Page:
The New South Wales Police have warned citizens that attackers are throwing fake paper crypto wallets in public places to steal cryptocurrencies.
A paper wallet is a plain piece of paper printed with a private key and optionally a public key or cryptocurrency address in the form of text or QR codes. Law enforcement reported that unsuspecting Australians find such a wallet and scan the QR.
The victim is then asked to follow a link to access a cryptocurrency wallet for up to A$16,000 ($10,000). The scammers then ask you to pay a fee for the withdrawal of assets and provide your wallet credentials, which supposedly allow you to transfer funds.
“Once the cryptocurrency withdrawal fee is paid and the cryptocurrency wallet details are provided, the scammers steal the cryptocurrency from the wallets of the victims,” the New South Wales police explained.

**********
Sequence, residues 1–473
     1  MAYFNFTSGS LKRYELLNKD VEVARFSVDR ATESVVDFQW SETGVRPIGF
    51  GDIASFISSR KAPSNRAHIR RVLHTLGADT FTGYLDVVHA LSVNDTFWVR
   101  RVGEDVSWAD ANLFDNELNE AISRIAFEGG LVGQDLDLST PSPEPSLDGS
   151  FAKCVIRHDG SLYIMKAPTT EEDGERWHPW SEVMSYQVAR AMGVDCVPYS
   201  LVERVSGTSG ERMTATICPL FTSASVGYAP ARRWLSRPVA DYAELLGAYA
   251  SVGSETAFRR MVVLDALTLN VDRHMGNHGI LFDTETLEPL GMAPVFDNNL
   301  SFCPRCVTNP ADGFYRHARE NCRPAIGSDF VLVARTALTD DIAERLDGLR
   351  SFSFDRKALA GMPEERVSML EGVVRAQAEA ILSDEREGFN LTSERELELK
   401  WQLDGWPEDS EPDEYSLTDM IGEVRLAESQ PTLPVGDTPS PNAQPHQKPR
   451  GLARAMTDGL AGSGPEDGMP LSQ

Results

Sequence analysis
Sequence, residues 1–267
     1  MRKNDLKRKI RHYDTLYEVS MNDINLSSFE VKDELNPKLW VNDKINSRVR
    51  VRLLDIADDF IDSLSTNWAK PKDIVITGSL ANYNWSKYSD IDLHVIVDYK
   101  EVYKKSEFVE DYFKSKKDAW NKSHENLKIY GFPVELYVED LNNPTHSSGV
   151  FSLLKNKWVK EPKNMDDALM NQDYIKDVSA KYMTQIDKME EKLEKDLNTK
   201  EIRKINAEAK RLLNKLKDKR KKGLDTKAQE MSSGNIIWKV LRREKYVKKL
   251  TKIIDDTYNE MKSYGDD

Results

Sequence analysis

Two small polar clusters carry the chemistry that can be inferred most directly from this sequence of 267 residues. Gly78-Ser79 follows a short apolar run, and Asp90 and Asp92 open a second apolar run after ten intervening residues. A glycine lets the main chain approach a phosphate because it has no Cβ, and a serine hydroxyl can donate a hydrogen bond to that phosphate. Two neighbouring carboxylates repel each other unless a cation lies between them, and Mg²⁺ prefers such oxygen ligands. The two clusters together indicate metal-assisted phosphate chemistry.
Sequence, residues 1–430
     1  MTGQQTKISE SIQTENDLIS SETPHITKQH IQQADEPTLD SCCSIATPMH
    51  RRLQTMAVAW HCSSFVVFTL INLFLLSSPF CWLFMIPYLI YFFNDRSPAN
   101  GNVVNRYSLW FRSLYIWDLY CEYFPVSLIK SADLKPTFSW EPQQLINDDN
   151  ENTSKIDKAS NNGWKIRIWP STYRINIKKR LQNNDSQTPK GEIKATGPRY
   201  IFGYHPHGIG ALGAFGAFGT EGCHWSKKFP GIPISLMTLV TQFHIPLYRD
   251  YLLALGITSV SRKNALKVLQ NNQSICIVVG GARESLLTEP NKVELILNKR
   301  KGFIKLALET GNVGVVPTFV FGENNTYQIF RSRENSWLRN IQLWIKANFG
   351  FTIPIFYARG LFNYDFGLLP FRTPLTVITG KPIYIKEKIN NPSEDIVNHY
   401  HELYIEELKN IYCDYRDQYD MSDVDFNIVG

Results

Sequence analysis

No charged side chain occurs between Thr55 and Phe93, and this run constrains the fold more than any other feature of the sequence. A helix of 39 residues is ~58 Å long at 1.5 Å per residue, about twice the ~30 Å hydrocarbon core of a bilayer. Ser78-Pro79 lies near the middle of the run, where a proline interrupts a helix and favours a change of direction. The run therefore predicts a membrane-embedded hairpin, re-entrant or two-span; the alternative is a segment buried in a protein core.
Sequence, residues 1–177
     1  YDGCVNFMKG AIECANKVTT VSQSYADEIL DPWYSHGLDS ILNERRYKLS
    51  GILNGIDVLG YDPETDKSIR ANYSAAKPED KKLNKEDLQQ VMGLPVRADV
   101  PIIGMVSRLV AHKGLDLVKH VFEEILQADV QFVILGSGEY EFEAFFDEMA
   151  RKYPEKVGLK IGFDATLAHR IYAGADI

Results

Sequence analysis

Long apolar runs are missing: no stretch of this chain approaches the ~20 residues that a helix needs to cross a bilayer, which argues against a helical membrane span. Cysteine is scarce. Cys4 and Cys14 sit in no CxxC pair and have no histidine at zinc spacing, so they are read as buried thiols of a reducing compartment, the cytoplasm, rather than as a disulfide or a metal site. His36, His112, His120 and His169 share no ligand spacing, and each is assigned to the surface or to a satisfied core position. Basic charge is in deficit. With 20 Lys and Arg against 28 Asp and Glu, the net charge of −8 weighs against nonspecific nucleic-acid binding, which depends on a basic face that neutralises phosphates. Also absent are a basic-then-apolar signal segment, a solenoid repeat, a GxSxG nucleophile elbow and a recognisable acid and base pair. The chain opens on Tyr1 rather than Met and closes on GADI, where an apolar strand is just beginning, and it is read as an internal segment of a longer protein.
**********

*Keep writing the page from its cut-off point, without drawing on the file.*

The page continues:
Authorities advised the public to remain vigilant. Anyone who finds a paper crypto wallet in a public place should not scan the QR code or provide their personal information. Instead, he must turn in such a wallet to the local police station.
This is not the first case of such a scam. About three months ago, a Reddit user reported that he found a paper crypto wallet and suspected a possible scam. Dozens of other people from all over the country responded with their stories of finding paper crypto wallets on the street, on the beach and in parks. Some fell for the scammers’ trick because they could see the wallet address and transactions on the network. According to them, the website looked genuine, as did the cryptocurrency withdrawal fees.
The Australian Securities and Investments Commission (ASIC) earlier this month warned local residents about the increase in the number of cryptocurrency fraud and named its main signs.